|Day Low/High||61.29 / 62.25|
|52 Wk Low/High||14.56 / 54.50|
Think of Grab as a combination of Lyft, DoorDash, and PayPal.
Uber has now said that demand for the ride hailing service is recovering faster than driver availability.
Tech companies likely to see revenue growth inflect higher could continue doing well, as might relatively inexpensive ones that are poised to continue growing.
Maybe it will be viewed as the ultimate 'opening' story because restaurants might soon come back.
And listen to what Cathie Wood of ARK Investments had to say about TSLA and ride sharing.
The Russell 2000 has now soared 16% year to date, nearly twice the Nasdaq Composite's 8.5% move.
Recent vaccine-related data is encouraging, and the stage is being set for a major second-half surge in travel, dining and live events spending.
The writing is on the wall for the gig economy, but I see a play in this name.
From Amazon to Zoom, here are my prognostications and best ideas for the new year.
... And the DoorDash IPO pulled out a block from it, bringing the whole thing down. Here's what to look for as two more major offerings are coming.
Pick up some or buy deep-in-the-money calls, but know that if they go down, you pounce.
What the Nasdaq experienced Monday is known not just as an 'Outside Day,' but an 'Outside Reversal,' and these can be dangerous.
California's Proposition 22 vote offers a great exit opportunity from UBER and LYFT.
Here's why a Republican Senate and a Democratic White House and House, may be nirvana for growth.
Markets seem to be betting that divided government will keep much of the policy and interest rate status quo intact for tech. But valuations are still high, and there are other risks out there.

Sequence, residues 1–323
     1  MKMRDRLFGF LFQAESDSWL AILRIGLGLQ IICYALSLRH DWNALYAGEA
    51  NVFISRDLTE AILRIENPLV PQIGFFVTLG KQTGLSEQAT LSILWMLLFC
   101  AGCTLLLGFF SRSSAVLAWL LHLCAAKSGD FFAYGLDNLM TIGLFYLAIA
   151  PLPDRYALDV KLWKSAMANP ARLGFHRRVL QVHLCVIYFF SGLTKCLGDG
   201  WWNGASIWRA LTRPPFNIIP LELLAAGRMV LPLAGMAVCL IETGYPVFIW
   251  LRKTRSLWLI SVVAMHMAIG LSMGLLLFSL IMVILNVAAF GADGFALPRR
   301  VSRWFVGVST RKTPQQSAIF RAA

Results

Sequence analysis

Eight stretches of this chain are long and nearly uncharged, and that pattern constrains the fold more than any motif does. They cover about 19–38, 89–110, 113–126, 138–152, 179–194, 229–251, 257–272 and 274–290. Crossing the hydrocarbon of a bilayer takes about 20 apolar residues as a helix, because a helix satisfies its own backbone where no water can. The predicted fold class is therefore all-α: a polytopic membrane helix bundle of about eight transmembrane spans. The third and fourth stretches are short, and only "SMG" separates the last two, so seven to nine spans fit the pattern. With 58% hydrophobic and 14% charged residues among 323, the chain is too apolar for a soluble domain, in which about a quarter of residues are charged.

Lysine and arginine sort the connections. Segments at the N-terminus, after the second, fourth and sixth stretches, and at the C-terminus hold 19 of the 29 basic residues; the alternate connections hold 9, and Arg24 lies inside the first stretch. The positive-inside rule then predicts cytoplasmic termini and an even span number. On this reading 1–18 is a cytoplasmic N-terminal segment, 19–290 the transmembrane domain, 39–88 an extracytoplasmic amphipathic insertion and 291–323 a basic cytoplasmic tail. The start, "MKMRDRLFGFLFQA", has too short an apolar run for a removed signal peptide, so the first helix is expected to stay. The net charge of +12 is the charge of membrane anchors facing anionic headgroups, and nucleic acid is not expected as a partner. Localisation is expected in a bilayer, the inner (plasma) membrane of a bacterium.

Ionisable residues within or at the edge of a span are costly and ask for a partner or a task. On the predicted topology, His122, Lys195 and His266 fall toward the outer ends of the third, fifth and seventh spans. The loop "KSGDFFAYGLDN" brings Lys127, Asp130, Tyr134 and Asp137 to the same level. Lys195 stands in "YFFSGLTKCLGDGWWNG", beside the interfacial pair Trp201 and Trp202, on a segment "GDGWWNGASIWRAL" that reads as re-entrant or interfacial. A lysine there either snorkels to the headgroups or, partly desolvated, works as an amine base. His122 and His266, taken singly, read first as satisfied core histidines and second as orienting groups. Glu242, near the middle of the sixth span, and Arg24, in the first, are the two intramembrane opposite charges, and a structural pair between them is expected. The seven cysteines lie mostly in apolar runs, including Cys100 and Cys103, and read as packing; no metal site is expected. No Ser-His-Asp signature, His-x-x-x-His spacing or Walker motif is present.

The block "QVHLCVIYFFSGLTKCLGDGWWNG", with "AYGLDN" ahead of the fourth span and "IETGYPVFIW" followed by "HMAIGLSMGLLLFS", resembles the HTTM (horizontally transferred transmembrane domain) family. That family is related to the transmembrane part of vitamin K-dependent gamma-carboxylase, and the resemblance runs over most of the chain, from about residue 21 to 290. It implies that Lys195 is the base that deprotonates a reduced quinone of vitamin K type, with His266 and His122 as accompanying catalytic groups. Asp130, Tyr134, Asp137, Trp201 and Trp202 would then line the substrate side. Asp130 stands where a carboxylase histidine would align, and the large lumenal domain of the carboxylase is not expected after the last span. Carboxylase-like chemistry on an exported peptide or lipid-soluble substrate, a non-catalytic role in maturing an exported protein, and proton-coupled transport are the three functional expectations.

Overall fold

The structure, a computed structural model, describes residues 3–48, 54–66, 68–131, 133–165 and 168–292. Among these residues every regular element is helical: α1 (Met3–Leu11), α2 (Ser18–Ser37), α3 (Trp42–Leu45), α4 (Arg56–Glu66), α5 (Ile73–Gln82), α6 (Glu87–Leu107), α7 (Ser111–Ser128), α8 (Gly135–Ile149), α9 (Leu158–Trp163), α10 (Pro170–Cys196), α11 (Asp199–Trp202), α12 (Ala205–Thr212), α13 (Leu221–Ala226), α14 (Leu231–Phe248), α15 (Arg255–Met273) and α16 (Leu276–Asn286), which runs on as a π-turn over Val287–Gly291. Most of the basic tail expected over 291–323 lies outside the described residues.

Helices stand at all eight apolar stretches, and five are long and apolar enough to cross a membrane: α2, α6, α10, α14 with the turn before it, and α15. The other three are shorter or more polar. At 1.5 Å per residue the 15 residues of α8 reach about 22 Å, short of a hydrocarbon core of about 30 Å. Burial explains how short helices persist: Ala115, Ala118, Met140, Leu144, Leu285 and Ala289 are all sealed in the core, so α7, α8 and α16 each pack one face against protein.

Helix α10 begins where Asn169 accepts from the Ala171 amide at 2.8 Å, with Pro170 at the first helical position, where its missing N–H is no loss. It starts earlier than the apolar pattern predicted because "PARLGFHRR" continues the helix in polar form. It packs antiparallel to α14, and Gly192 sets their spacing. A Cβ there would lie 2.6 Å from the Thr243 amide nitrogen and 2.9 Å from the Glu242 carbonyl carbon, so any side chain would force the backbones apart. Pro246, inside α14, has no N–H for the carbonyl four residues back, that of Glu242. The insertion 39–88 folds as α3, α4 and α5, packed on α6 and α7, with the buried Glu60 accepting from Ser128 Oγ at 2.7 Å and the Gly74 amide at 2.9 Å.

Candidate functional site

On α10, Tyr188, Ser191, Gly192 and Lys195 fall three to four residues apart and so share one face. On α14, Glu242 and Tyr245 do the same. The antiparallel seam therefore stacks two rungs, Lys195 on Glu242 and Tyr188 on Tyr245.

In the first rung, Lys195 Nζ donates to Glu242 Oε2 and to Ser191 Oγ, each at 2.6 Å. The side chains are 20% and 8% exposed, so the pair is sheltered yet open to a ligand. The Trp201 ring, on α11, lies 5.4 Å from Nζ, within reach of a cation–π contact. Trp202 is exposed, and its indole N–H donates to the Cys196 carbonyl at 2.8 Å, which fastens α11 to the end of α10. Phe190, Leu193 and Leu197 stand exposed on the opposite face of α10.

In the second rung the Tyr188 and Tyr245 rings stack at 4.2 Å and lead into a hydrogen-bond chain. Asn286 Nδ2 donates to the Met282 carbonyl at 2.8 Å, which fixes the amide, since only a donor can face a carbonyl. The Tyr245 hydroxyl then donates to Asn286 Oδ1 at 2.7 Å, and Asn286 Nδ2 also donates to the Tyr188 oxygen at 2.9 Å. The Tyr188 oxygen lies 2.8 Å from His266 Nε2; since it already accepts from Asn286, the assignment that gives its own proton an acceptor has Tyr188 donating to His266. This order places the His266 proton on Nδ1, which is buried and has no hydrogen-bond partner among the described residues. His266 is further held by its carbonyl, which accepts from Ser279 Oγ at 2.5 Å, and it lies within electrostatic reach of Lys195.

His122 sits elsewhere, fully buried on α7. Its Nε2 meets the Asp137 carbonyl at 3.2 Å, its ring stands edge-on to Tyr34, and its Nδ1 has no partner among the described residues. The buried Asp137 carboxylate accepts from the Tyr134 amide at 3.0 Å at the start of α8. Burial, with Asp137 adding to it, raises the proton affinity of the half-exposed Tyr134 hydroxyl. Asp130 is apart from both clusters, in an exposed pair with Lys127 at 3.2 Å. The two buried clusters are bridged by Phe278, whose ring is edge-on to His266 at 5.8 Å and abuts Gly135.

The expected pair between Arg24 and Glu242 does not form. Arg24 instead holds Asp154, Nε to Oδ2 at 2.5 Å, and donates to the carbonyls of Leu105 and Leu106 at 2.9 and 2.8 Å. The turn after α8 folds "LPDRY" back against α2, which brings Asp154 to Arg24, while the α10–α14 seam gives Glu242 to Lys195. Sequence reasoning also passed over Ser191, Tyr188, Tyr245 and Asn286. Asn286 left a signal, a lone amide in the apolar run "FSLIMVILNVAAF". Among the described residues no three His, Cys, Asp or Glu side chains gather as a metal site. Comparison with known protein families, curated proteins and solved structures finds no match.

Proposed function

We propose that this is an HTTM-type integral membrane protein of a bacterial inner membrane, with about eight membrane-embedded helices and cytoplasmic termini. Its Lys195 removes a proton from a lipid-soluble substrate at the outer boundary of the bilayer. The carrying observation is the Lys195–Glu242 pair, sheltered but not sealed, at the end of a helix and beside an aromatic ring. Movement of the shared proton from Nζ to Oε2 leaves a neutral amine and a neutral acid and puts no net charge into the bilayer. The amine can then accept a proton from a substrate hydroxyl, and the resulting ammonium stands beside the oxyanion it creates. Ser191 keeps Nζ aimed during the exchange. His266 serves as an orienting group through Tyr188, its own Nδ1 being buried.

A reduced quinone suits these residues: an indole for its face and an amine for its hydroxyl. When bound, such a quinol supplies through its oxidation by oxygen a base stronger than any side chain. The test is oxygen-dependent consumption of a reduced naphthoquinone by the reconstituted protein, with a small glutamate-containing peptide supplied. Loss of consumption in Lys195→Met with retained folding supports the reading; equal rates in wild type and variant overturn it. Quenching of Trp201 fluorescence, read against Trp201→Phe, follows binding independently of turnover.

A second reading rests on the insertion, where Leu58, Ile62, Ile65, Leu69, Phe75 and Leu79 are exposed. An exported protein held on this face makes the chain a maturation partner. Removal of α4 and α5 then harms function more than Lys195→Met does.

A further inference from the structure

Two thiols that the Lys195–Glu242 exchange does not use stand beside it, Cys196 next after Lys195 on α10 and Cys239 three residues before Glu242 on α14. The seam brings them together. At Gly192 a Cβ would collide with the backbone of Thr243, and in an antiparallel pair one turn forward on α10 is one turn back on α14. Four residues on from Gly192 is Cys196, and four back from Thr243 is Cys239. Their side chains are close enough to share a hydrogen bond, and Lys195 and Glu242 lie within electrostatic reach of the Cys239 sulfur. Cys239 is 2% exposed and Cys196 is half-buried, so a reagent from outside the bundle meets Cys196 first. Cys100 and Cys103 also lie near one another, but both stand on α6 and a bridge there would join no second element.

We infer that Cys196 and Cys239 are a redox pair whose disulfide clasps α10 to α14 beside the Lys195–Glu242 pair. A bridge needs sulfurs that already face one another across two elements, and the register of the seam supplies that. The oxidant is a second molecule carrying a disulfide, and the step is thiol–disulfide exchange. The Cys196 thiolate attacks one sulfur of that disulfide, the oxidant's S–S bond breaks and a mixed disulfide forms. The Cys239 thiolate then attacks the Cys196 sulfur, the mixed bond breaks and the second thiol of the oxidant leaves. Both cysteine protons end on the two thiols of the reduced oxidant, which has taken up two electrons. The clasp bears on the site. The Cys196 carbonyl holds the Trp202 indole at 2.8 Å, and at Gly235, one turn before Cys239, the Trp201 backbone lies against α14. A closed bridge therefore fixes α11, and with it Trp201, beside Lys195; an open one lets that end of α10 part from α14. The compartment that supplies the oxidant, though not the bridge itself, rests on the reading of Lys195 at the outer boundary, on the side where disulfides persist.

I cannot buy them on this pop. My expectation is that based on past history you will get a chance to get a better price.
TSLA has now posted five consecutive quarters of profitability while rapidly increasing productivity as well as margin.
The new, recent highs, on the Full Stochastics and MACD, create attractive bullish divergences.
If the ride-sharing company's stock can edge higher and hold that ground, the answer to the question appears to be yes.
Plus, quick looks at Joe Biden's VP choice, the latest on the Covid-19 vaccine front and Tesla's stock split.
Uber's ride-sharing business continues seeing demand gradually improve from its March/April lows. But it's still far below pre-COVID levels.
Don't be dazed by star stocks like Tesla, and instead stop and think: What do you really get when you buy stock in a company?
These stay-at-home, newbie short-term investors are learning the hard way about gambling on 'bargains' bound to go belly up.